Thinking about a couple of sacred cows within the firearms training industry…
- “Don’t reduce the trigger pull on your carry gun: Prosecutors will call it a ‘hair trigger’ and use it against you.”
Maybe. Of course, night sights could also prove that you wanted to shoot somebody from surprise at night, and hollow-point ammo is proof you wanted to kill someone dead right there and then.
Or maybe all three are evidence you wanted to stop a threat to your life as quickly and as accurately as possible.
A gun with a good trigger is more accurate and produces fewer unintended hits on innocent bystanders, night sights allow you to hit a threat in less-than-ideal conditions, and hollow points are better at stopping a threat than anything else. Those last two are not an uphill legal battle, and let’s face it; accurate guns are better for everyone involved in a shootout.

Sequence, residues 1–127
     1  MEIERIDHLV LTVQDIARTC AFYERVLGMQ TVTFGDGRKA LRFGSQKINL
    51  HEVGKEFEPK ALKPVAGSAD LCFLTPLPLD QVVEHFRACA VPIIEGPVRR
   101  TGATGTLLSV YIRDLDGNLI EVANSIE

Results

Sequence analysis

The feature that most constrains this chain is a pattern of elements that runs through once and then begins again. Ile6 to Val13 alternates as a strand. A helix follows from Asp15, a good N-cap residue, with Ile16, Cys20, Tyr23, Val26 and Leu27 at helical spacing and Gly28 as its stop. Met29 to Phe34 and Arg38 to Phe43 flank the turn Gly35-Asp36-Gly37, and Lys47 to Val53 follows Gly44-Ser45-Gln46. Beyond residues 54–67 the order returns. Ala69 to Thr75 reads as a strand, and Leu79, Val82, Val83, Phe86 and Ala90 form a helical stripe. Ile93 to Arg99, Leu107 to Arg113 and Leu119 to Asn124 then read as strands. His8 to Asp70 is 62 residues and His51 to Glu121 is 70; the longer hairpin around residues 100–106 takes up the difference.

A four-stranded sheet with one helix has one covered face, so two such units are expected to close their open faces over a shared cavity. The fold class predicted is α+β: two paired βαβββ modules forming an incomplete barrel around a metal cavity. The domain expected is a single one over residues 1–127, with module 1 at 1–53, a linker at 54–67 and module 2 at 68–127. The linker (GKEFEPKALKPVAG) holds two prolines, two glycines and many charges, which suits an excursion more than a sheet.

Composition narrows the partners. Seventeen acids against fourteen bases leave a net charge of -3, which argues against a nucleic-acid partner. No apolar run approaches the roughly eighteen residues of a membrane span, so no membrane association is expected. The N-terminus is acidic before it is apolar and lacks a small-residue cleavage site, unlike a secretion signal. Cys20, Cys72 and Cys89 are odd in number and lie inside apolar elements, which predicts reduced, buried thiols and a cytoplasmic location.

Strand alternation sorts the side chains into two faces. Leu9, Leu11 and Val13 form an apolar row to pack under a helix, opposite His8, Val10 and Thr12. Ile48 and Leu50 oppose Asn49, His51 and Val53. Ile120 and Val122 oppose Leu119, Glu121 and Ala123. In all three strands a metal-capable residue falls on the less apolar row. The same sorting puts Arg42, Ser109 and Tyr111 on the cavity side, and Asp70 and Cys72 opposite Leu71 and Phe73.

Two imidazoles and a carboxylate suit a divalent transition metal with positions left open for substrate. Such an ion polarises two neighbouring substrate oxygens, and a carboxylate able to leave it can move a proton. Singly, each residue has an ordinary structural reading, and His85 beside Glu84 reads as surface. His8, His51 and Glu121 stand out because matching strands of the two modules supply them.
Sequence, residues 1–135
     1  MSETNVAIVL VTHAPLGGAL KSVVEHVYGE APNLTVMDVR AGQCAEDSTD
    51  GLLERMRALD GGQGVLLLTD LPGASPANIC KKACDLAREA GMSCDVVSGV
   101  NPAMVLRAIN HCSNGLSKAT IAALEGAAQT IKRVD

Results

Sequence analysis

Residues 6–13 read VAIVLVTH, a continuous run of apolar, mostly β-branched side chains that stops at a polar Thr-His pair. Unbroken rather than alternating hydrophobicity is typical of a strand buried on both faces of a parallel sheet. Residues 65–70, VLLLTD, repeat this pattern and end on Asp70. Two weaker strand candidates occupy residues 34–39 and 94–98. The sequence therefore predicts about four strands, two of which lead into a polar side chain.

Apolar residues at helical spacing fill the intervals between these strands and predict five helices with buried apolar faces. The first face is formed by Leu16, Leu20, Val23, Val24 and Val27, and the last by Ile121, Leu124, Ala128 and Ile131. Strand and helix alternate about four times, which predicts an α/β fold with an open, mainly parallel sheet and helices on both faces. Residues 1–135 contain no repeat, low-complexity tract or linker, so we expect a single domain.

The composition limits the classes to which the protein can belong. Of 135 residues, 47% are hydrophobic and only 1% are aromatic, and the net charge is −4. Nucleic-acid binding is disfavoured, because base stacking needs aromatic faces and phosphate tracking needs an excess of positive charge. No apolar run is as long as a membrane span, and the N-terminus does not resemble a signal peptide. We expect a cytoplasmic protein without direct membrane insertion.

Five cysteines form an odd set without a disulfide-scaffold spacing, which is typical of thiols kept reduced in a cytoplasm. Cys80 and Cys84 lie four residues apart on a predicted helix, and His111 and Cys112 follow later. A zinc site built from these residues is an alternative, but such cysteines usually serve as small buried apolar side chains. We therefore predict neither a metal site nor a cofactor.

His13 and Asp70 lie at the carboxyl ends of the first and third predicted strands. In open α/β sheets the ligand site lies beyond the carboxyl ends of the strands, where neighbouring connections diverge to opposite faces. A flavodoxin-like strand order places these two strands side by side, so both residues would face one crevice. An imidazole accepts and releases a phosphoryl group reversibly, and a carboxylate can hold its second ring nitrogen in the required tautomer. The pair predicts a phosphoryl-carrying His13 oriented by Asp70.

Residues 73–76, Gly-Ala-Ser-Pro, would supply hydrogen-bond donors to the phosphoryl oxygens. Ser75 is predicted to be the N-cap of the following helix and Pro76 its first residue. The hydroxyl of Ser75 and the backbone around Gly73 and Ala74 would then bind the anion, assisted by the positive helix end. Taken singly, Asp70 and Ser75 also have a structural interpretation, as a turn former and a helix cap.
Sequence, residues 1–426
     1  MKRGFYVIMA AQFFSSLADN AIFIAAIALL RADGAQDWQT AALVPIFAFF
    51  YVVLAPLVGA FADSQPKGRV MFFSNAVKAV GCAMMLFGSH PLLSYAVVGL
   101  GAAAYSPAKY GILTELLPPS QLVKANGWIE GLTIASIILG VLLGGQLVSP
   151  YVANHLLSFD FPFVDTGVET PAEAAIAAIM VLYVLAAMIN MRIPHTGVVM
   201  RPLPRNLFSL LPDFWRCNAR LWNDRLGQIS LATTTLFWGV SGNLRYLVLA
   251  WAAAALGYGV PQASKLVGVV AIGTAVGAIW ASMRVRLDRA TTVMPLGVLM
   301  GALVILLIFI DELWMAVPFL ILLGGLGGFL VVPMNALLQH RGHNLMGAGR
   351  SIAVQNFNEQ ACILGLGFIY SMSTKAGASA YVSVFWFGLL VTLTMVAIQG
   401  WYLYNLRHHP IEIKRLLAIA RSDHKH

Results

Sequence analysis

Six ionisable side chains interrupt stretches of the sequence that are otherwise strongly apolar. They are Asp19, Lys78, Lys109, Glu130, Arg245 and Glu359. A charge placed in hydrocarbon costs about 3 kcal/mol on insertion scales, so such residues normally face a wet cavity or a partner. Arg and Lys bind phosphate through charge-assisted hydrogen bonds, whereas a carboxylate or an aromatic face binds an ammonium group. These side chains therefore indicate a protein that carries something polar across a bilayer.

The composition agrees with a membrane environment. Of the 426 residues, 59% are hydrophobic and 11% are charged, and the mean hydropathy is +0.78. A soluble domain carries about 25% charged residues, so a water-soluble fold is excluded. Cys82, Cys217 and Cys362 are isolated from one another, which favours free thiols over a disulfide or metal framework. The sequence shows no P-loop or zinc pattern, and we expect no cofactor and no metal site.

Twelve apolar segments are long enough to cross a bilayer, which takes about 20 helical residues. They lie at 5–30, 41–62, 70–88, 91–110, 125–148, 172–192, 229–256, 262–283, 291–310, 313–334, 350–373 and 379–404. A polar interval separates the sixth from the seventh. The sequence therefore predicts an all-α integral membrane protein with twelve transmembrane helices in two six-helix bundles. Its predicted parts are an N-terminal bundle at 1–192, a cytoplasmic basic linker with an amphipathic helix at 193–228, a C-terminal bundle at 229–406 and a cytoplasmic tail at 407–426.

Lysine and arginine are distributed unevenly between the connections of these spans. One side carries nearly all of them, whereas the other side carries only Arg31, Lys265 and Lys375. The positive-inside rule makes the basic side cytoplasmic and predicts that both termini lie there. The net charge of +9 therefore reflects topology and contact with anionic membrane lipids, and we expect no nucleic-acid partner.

Except the shootee.
- “Shooting practical pistol gets you accustomed to just getting two hits on a target and moving on.”
Ever shot steel? Ever missed a pepper popper at 20 yards? Every match I’ve shot has had at least one steel target somewheres on it, and nothing teaches you to evaluate the effects of your rounds on a target like having the “ping” of a hit a splat of lead on your target confirming you did the job right. Is competitive shooting a game? Yes. So is Call of Duty. which also features all kinds of fun guns like AR’s and modern service pistols. Despite that, I don’t try and and press Up, Up, Down, Down, Left, Right, Left, Right, B, A and go around searching for health packs and power ups when I have my AR in my hands because I’m smart enough to realize when I’m gaming and when I’m not.
Maybe, then, I’m smart enough to figure out when I’m on a stage at a match, and when I’m not.